Grand Rapids, Mich. (WOOD) — Gov. Gretchen Whitmer hosted a roundtable discussion Monday in Taylor to talk about the shortage of semiconductors that is plaguing the auto industry and other sectors.
Depending on foreign suppliers for vital semiconductors or chips has proven to be a big problem for the Big Three and beyond. Those supplies have been interrupted by the worldwide pandemic and supply chain issues that have impacted practically everything.
Whitmer was joined by U.S. Sen. Gary Peters, D-Michigan, who has, in his position as Senate Homeland Security Committee chair, urged producing vital components, like semiconductors, here in the United States.
Monday’s conversation featured stakeholders and politicians trying to find a way to secure the supply and keep companies from being unable to deliver their products.
“We are coming together today to talk about how we grow Michigan’s economy, but I think also the American economy — creating more good-paying jobs, driving down costs for families by attacking the chip crisis that we all face. Obviously, we’re thinking about United Auto Workers and we’re thinking about the Big Three, but we also need to be thinking about suppliers like Lear, we need to think about other industries like … Whirlpool — when they’re making washing machines, they need chips. This is truly the lifeblood of the future economy of the 21st century,” Whitmer said.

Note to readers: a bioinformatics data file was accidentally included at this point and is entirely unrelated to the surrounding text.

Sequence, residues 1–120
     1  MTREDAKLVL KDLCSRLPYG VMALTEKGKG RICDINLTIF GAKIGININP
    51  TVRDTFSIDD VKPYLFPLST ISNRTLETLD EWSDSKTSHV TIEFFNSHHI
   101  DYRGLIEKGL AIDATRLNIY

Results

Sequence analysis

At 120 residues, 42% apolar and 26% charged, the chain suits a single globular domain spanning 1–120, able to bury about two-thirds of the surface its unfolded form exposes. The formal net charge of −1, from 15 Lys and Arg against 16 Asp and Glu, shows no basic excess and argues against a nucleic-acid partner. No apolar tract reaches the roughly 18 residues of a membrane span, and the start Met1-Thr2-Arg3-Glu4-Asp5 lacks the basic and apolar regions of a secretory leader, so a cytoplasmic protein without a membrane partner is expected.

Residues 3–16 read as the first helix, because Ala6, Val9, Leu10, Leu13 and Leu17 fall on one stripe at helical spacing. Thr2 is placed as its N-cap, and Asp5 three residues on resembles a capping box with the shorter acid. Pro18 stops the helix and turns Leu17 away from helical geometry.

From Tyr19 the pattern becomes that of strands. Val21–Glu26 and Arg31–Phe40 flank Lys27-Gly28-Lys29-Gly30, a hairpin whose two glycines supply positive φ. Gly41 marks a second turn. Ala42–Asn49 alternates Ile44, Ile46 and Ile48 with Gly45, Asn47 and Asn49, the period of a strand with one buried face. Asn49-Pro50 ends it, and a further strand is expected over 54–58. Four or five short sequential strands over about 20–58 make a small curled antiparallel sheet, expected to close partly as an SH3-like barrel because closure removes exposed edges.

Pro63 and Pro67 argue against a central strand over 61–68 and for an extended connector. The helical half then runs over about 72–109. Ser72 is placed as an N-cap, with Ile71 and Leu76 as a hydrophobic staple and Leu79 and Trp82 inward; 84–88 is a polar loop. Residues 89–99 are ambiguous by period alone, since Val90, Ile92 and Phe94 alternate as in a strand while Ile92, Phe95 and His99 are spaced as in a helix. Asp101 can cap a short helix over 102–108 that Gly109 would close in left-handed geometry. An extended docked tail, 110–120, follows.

A release from her office said, in part, that the governor is addressing the chip shortage and “recently met with industry leaders in the semiconductor chip industry.” The release went on to say Whitmer had helped secure two firms that manufacture semiconductors to expand to Michigan.
Peters and U.S. Rep. Debbie Dingell, R-Dearborn, organized the roundtable, inviting U.S. Secretary of Commerce Gina Raimondo.